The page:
and we learn a lot with them. They are our favourites

because they work with life, and we help

them to give life to their projects. By supporting

them, we really feel we are creating a better world.

What distinguishes young bioeconomy

entrepreneurs from other groups?

Nuno Gomes: They really have different personalities.

Compared for example to ICT, bio-entrepreneurs

have a more classic approach very

focused on their research and mainly concerned

with technical viability. ICT people are at the

other end of the scale. They are generally dynamic

mavericks who think in terms of end-user applications

before they start their product development

process. This is something that we really need

to help bio-entrepreneurs to learn. They have to

think in terms of market, so that their research

can lead to a product that serves consumers’

needs. And, consequently, in the end, be really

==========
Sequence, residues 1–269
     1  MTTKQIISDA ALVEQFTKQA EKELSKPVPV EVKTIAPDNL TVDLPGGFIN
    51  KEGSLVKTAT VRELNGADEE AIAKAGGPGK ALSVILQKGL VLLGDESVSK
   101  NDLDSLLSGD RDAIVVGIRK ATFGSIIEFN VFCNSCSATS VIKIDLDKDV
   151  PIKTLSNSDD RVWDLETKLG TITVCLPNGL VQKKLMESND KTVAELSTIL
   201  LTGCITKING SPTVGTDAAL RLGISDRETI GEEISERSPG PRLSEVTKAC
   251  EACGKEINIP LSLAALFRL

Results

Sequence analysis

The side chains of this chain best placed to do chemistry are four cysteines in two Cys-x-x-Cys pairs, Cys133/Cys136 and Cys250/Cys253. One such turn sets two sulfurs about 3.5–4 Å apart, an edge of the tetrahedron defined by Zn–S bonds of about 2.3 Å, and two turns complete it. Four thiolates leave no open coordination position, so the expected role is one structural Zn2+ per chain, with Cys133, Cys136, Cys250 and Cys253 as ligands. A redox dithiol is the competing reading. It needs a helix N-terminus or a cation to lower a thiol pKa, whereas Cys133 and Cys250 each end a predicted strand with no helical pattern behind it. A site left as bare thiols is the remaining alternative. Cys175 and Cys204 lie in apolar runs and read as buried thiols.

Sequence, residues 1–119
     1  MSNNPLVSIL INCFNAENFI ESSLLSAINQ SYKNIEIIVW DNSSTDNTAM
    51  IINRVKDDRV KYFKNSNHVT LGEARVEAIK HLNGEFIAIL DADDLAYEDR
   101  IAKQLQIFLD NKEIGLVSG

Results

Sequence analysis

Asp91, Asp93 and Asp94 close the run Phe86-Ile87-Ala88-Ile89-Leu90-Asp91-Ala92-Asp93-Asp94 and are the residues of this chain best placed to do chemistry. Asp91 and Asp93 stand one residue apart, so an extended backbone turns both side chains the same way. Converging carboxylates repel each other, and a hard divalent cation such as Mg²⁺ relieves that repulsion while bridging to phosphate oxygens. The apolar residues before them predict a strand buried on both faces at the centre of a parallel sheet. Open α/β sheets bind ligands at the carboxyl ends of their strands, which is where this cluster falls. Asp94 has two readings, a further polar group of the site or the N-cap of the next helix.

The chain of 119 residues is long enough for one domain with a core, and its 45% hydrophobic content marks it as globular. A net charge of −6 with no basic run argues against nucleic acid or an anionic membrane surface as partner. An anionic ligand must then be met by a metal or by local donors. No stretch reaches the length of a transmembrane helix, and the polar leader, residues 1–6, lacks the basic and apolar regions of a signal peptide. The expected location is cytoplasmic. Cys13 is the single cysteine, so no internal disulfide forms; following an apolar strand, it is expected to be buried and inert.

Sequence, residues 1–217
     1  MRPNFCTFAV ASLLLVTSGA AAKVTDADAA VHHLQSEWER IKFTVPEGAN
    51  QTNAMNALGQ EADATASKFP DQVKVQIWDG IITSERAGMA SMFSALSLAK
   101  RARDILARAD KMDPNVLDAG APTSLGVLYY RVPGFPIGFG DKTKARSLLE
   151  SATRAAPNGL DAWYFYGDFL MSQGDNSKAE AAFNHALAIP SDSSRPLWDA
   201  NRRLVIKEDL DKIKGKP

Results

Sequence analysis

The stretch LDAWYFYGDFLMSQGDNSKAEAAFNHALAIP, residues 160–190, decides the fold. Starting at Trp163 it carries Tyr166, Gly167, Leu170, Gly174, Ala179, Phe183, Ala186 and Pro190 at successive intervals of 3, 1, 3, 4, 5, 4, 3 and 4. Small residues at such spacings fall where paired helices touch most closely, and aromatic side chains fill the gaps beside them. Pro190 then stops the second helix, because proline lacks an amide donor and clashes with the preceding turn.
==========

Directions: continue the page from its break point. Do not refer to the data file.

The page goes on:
effective and improve people’s lives.

Any specific methods you do apply ?

Nuno Gomes: In BICMINHO our coaches

recently started to introduce ‘design thinking’

coaching models, encouraging entrepreneurs to

consider potential clients at the start of research

and product conceptualisation. It might pay-off

to involve consumers at an early stage of the innovation

process. As co-creators clients and end




users can play an active role to influence and to improve developments. The

“end-consumer thinking” is the key for a bio-entrepreneur’s success, because

his studies already contribute to the other necessary technologic and scientific


What do you think about investor-interest and venture capital in